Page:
Helping Women Reach for the Stars – The P.E.O. Sisterhood Turns 146!

My P.E.O. chapter met on Monday night. The reminder e-mail which the President sent a few days before the meeting was a double reminder. No only did it refresh my mind about the meeting, but it also told me that I signed up to do the program.

Each of our meetings is followed by a program, where a member or guest talks about something of interest. One of our members travels the world on mission trips and tells us about her journeys to other places. One member’s mother had a fabulous collection of hats; when she died, her daughter couldn’t bear to discard them so she brought them to a meeting and we played “dress-up” with Betty Lou’s hats. Another sister did a program about her favorite things, a la Oprah. She even had samples to give away.

Each year, I usually sign up to do the program for the January meeting. That’s because P.E.O., a “philanthropic organization where women celebrate the advancement of women; educate women though scholarships, grants, awards, loans and stewardship of Cottey College; and motivate women to achieve their highest aspirations” was founded as a collegiate organization on January 21, 1869. The seven founders – Franc Roads [Elliott], Hattie Briggs [Bousquet], Mary Allen [Stafford], Alice Coffin, Ella Stewart, Alice Bird [Babb] and Suela Pearson [Penfield] – were students at Iowa Wesleyan College, in Mount Pleasant, Iowa, one of the oldest institutions of higher education west of the Mississippi River.

It was a meeting filled with laughter. It had been a month and a half since our last meeting, so there was a lot of catching up to do. Our newest member, who was initiated at the December meeting, was at the door greeting people (a registered dietitian and a friend of the hostess, she had confided to her that one of her goals was to be a Wal-Mart greeter and that this would be good practice). Another member’s husband had died after Christmas. It was the first meeting she attended in a while because she was his main caretaker as he fought a long battle against Multiple Sclerosis. We welcomed her with hugs. The snowbirds, our members who head to southern points, were missed. Our hostess, one of the most gracious southern women I’ve ever met, took over the duties at the last minute when the original hostess had to bow out because of a family emergency. I am grateful to my chapter and I love being a part of it. I am confident that my P.E.O. sisters across the country have chapter meetings like mine, and that they feel the same way, too.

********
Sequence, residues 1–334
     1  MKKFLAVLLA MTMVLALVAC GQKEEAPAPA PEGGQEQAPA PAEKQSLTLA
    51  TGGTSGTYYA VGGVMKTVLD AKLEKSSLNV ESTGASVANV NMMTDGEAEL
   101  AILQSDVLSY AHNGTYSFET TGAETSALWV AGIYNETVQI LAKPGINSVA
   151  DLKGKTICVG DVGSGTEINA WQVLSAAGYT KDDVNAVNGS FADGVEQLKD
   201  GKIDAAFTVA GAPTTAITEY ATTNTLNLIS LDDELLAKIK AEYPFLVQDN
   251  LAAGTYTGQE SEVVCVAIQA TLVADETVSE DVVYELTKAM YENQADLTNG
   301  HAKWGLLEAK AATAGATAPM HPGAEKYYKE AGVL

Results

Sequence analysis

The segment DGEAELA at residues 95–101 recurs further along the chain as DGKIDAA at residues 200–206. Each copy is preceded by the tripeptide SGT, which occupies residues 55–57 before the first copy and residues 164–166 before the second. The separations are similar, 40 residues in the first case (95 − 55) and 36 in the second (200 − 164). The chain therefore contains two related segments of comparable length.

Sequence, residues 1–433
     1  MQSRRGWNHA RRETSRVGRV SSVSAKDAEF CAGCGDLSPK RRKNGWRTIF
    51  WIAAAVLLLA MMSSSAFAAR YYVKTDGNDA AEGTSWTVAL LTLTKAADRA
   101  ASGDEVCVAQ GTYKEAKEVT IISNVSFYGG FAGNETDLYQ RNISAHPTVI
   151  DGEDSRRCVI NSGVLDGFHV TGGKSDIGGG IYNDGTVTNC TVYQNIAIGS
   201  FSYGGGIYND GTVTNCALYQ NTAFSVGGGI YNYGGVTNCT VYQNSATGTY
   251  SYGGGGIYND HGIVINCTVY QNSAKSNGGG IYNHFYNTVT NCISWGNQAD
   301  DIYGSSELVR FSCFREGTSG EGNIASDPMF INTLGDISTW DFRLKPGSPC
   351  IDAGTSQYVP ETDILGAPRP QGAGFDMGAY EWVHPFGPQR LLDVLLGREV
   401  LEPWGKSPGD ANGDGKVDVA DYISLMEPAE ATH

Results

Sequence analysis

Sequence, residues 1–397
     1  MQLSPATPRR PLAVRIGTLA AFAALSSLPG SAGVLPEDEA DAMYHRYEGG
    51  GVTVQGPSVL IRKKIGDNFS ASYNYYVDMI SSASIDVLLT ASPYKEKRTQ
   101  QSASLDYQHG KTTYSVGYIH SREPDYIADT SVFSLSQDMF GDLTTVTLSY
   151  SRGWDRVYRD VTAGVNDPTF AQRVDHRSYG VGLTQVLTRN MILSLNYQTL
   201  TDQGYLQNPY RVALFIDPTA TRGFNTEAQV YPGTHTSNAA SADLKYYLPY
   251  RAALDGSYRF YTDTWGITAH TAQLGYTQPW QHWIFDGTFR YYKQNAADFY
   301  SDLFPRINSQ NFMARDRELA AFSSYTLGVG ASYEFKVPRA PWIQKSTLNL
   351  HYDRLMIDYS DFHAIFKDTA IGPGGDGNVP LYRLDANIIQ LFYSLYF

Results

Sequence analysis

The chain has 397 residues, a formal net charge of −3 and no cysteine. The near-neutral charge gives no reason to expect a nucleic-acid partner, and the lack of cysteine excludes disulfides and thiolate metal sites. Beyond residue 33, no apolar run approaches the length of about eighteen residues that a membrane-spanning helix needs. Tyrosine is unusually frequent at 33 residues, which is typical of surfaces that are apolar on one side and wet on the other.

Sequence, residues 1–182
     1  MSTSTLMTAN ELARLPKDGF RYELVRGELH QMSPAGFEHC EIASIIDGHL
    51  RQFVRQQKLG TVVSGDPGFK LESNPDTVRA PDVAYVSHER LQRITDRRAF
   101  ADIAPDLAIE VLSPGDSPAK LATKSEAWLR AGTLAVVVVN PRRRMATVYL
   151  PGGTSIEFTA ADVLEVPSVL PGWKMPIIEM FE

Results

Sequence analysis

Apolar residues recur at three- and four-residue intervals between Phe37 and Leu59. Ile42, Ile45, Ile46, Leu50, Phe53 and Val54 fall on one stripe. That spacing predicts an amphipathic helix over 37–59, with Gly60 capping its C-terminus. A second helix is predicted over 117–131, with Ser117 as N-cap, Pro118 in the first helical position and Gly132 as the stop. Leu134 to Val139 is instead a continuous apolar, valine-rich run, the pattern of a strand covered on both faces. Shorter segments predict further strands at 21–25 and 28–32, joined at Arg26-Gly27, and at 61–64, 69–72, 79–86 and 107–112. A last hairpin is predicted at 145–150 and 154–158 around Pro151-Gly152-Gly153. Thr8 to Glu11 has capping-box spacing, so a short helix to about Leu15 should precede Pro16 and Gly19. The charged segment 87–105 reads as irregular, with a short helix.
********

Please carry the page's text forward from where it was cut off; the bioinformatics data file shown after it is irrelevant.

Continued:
And so I did what I usually do at the January meeting. I talked about those seven young women, teenagers actually, who were students at Iowa Wesleyan in a time when they were a distinct minority – women enrolled in higher education. Could they, in their wildest dreams, have ever envisioned what P.E.O. is today? Could they have imagined us laughing together in a living room in a time and day far from the lives they knew? Could they fathom the amount of lives that would be changed by their simple little act of coming together and creating P.E.O.?

Although it began as a collegiate organization, in 1902 it became a community-based one. The collegiate chapter at Iowa Wesleyan became Alpha Xi Delta’s second chapter. P.E.O. chapters spread across the country from Midwestern roots. In 1911, P.E.O. established its first Canadian chapter in Vancouver, British Columbia. P.E.O. existed in quiet splendor and kept a very low profile in communities all over North America. Chapters did not toot their own horns about the good works they were doing. That changed in 2005, with a new logo and the introduction of an “It’s OK to Talk About P.E.O.” campaign. On January 21, Founders’ Day, P.E.O.s are encouraged to wear their P.E.O. emblems, the star shaped pins members receive.

1914 P.E.O. Emblem

1914 P.E.O. Emblem

To learn more about P.E.O., visit In a short video Maria Bassegio, P.E.O.’s International President, explains what P.E.O. is and does. Maria’s Aunt Shirley was initiated into my chapter when she lived in Carbondale. By the time I joined the chapter, Shirley had moved to Pennsylvania, where she later served on the state board. Maria has told me that her Aunt Shirley is the reason she is a P.E.O., and my chapter feels this is a special connection to our International President. 

Happy Founders’ Day, P.E.O. Sisters! (And you might enjoy my P.E.O. History pinterest board at

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© Fran Becque,, 2015. All Rights Reserved.

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